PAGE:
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Monday, February 28, 2011

Jacked Jambalaya!

As in build muscles, that is! Just in time for Mardi Gras, this Jambalaya is chock-full of lean protein and whole grain carbs, perfect for anyone trying to stay healthy and/or watch their fat intake! It is modified from Emeril's Kicked Up Jambalaya, made up to be a healthier version: turkey andouille sausage, chicken breast, shrimp, brown rice, low-sodium chicken stock, and cooking spray.

But first, a brief interlude into the origin of that famous Louisiana dish, Jambalaya!

Jambalaya is a combination of meat, vegetables, and rice, similar to paella, and indeed it is of dual Spanish-French origin. There are actually two types of jambalaya: Creole and Cajun. They both start with what is known as the "holy trinity" of ingredients: onion, bell peppers and celery. Meat is then added, most often a spicy smoked sausage (andouille), poulty, and seafood. Stock and rice are also an integral part of the dish. The main difference between Creole and Cajun jambalaya is the addition of tomatoes. Creole jambalaya contains tomatoes, and is often also referred to as "red jambalaya" accordingly. Cajun jambalaya is more brownish in color, and without tomatoes.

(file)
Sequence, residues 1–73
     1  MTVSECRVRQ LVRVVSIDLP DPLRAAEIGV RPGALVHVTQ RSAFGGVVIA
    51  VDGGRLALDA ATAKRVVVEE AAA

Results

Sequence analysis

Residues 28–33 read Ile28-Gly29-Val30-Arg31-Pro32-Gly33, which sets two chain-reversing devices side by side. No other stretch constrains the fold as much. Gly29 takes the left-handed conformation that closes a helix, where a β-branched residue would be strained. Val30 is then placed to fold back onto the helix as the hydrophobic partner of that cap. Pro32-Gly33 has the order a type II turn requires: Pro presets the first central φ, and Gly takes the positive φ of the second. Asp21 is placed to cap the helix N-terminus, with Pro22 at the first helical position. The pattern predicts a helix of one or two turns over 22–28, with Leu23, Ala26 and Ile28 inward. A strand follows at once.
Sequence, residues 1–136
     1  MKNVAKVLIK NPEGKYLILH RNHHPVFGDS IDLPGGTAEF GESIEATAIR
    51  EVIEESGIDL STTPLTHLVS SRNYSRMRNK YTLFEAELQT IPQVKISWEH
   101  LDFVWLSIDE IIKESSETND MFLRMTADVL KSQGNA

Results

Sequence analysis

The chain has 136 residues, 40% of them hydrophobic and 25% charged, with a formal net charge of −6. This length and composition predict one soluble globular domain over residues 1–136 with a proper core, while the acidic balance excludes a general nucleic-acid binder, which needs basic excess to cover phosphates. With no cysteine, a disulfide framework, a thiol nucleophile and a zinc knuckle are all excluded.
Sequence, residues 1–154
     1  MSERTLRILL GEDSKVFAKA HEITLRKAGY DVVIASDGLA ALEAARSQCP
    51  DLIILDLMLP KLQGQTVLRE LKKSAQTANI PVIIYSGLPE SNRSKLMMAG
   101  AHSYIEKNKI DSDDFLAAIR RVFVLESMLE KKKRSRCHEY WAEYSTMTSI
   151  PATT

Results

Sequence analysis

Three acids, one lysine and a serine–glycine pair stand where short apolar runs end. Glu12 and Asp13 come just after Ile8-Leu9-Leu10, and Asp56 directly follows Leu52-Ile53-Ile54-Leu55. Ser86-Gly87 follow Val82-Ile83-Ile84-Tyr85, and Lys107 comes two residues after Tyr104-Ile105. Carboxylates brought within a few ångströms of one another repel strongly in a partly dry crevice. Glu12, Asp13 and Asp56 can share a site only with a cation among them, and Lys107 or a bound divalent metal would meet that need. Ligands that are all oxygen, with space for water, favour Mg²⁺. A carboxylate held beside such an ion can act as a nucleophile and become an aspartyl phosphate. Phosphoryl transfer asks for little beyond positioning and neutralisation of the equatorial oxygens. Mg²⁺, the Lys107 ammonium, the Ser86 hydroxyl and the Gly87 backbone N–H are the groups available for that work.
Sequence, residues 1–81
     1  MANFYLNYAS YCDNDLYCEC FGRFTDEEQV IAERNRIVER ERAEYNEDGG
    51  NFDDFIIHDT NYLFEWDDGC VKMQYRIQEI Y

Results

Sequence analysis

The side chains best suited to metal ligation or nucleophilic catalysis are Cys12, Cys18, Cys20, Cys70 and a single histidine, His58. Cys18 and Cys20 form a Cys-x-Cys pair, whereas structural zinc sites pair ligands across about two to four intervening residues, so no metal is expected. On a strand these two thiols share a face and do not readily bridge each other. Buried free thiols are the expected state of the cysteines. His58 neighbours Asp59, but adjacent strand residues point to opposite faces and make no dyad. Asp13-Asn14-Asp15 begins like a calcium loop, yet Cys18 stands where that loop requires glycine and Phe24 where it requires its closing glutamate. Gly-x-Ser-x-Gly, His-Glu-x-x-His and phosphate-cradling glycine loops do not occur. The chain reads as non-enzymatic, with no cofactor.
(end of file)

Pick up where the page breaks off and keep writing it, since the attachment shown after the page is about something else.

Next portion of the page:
Although there are many theories where the name "jambalaya" came from, the most likely is that it is derived from the Proven├žal (i.e. the French dialect spoken in Provence) word "Jambalaia", which literally means "mish mash" -- a pretty accurate description!

And now, back to the food!

This recipe is complex without being complicated, if that makes sense. It is a little time consuming, but the end result is so worth it.